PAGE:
Q: You started out writing true crime books. How has this influenced your fiction
KC: I’ve had a couple decades of what I’d call homicide school: going to sensational trials, hanging out with prosecutors, cops, defense attorneys, forensic experts, medical examiners, murderers, victims and their families. I’ve seen more than my share of crime scene photos and read countless autopsies. So when I decided to write fiction, I had all those experiences to draw on, situations to use, and friends I could ask for insight. The true crime writing has been invaluable.
Q: What’s it like to write true crime?
KC: Pretty interesting. As I mentioned, I go to the trials, interview everyone involved. A book usually takes me about a year. When I sit down to write, I have crates full of information to work with, which is important to give the books depth. I usually start on my research at the trials. That works for me because I get to hear what the jury hears, and from there I work my way out, looking for others involved in the case. Right now, I’m working on the Matt Baker case in Waco, Texas. I’m at the stage where I’m beginning to write.
Q: How did you become a crime author?
KC: It just kind of happened. I started covering criminal cases back in the mid-eighties, for Houston City Magazine. When I started writing for national magazines, including Reader’s Digest, Rolling Stone, TV Guide, Ladies’ Home Journal, More, etc, the editors knew that I had experience and the assignments rolled in. In the nineties, I turned a magazine story into my first book, The Rapist’s Wife, now called Evil Beside Her. From that point on, I began writing the books. It seemed a natural progression to go from true crime to crime fiction.
The truth is that I never intended to be a crime author. After a couple of decades as a fly on the wall in this world, it simply happened, because it’s what I know best.
Q: What are some of the challenges of writing about real cases?
KC: Finding people to interview and convincing them that they should talk is a big one. There are some bad true crime books out there, so some folks don’t understand that there are also good ones. I work hard on my books, and I’m proud of them. They serve a good purpose. Sure, they entertain, but they also enlighten folks on how these tragedies happen. They connect all the dots. And I do believe that they warn people about the types of behaviors that lead to violence. I get letters all the time from people, usually women, who write that they saw their significant other reflected in my book and realized that it was time to leave an abusive mate. We tend to make excuses for people we love, but when violence enters a relationship–when we fear we’re in danger–we need to take action and reach out for help. My books illustrate that by showing what’s possible.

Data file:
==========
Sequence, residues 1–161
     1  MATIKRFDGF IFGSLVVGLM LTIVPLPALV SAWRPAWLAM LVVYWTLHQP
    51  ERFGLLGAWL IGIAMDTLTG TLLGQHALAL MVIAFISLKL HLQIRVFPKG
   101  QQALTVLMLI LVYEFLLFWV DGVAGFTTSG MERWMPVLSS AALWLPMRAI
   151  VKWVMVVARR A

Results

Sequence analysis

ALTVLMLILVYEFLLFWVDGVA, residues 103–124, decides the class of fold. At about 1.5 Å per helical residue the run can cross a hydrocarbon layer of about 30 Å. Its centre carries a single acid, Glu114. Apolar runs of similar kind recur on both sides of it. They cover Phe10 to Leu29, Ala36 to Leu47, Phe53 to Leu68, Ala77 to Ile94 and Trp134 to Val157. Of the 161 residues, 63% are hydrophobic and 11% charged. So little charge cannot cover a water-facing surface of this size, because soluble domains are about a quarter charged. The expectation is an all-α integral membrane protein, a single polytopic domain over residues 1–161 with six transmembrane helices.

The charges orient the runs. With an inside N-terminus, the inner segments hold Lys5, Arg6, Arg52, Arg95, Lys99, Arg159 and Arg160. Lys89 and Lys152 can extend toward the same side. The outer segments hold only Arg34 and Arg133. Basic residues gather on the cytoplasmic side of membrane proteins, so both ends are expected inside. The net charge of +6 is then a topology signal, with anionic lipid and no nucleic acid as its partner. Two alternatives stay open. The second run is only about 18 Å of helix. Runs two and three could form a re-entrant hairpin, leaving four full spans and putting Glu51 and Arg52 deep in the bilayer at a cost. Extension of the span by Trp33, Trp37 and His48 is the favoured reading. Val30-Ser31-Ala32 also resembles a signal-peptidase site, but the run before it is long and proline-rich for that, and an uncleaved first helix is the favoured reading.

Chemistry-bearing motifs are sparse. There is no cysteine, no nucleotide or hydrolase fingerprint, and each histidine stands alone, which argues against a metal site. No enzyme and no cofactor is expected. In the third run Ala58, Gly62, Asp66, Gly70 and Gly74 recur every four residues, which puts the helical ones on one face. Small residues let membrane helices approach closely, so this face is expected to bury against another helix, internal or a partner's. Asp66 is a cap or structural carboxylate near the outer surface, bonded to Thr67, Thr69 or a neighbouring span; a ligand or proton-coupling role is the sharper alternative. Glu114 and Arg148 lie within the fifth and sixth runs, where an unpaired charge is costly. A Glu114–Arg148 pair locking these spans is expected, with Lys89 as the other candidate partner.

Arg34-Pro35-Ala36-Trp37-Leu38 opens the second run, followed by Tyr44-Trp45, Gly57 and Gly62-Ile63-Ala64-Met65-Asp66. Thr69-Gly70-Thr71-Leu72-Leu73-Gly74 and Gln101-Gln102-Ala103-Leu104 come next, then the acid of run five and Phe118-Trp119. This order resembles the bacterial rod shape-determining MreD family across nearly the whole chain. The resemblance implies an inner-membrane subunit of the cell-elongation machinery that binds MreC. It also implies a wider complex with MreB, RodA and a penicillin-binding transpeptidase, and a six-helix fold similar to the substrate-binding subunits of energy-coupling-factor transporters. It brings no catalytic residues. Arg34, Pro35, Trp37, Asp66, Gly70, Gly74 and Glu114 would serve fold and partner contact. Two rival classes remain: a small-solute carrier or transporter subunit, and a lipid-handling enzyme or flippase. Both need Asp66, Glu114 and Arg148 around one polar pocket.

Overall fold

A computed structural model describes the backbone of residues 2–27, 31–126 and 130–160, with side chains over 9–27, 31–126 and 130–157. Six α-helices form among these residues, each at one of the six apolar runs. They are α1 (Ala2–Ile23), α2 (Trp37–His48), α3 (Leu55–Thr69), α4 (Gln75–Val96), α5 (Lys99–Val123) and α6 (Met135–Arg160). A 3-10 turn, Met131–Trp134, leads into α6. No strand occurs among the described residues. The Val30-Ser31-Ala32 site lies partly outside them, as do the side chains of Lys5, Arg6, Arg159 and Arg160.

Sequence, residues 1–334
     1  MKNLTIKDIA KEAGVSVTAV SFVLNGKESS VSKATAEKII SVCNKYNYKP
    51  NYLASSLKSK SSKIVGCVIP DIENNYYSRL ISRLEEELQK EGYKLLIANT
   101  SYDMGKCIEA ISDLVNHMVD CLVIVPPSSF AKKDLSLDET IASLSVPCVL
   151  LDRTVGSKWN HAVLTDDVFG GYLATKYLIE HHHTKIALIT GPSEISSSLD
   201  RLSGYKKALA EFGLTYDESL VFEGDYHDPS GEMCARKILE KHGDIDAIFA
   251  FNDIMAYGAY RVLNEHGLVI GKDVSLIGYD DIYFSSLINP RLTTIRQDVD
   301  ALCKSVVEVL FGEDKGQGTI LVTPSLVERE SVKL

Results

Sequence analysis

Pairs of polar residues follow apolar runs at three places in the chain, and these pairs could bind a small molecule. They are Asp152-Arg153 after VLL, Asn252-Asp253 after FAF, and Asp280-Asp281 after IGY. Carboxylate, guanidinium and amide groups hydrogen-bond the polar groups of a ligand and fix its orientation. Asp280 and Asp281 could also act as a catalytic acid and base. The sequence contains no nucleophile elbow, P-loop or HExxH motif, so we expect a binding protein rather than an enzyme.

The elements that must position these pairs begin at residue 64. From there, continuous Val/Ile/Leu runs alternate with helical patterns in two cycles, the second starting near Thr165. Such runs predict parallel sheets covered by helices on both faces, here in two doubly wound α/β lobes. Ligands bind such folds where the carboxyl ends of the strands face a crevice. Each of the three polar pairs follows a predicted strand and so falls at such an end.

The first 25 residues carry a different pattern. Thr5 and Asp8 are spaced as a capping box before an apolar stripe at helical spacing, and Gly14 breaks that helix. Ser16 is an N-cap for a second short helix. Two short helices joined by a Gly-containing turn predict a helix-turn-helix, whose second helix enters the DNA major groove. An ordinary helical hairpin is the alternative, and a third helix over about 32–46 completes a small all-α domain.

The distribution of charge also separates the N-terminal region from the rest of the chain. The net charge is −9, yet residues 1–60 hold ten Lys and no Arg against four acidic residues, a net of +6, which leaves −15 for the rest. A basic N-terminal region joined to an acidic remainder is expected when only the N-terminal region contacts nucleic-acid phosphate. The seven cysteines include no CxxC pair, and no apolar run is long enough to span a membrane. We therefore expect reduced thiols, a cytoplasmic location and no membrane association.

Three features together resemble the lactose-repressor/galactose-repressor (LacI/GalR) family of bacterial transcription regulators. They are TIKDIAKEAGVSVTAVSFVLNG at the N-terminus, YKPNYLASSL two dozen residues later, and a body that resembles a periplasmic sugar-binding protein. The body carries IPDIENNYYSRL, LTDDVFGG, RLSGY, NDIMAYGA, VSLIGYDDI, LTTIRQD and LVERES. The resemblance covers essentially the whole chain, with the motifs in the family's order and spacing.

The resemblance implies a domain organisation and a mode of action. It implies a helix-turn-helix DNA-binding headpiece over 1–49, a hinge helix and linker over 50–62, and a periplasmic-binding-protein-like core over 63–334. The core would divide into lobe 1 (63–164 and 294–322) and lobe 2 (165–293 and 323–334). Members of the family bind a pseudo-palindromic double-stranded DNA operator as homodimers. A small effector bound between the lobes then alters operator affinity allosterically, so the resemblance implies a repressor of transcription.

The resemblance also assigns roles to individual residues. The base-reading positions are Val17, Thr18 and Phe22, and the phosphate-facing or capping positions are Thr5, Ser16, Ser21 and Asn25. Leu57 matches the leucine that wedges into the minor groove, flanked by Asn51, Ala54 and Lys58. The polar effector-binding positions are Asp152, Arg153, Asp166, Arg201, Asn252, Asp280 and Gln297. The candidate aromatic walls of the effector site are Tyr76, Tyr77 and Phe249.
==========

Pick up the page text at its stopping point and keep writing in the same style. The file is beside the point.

Q: Have you ever been afraid or threatened because of what you write?
KC: I’ve been threatened but never really afraid. For the most part, the people I write about are in prison. Some have gotten out, but my guess is that they realize that if they come after me, they’ll be on a short-list of suspects and will undoubtedly end up quickly back in prison. I hope that they’ve learned their lessons and are ready to become valuable members of society.
There is one person I am trying to keep behind bars, however, not for my own safety but the safety of others–James Bergstrom, the psychopath in my first book. Bergstrom got four 99-year sentences because the jurors NEVER wanted him to walk free. He admitted to raping five women and attacking 35 over a two-year period. He’s obsessed, a true sexual predator. He’s been eligible for parole for the past few years. When his parole hearings come up, I protest and urge others to as well. The instructions for how to protest are on my Web site, kathryncasey.com, on the update page. If Bergstrom ever gets out, there will be more victims.
In addition to the fiction being exciting and fun to write, one of the great things about it is that the bad guys aren’t real. No one actually gets hurt. After all these years, that’s incredibly refreshing. I put my main character, Texas Ranger Sarah Armstrong, in harrowing situations, it’s true, but it’s all for fun.
Q: Any advice for upcoming and/or new writers?
KC: First, hang in there. It’s a journey. Second: You have to take that first step. Many people write but never attempt to publish. If you’re writing for personal reasons and don’t care about seeing your work in print, that’s fine. But if you want to be published, you have to pull together your courage and submit your work to an agent or an editor. To determine how to proceed, I recommend Writer’s Market, a great publication that’s updated, I believe, annually. There are books listing agents and explaining how to get one. For a good book on writing, read Anne Lamott’s Bird by Bird.
Q: Is there anything else you’d like to say?
KC: I’d like to thank everyone who reads my books and recommends them to others. I can’t thank you enough. It truly means the world to me.
If you have questions for Kathryn, feel free to post them in the comment section. She may agree to answer a few.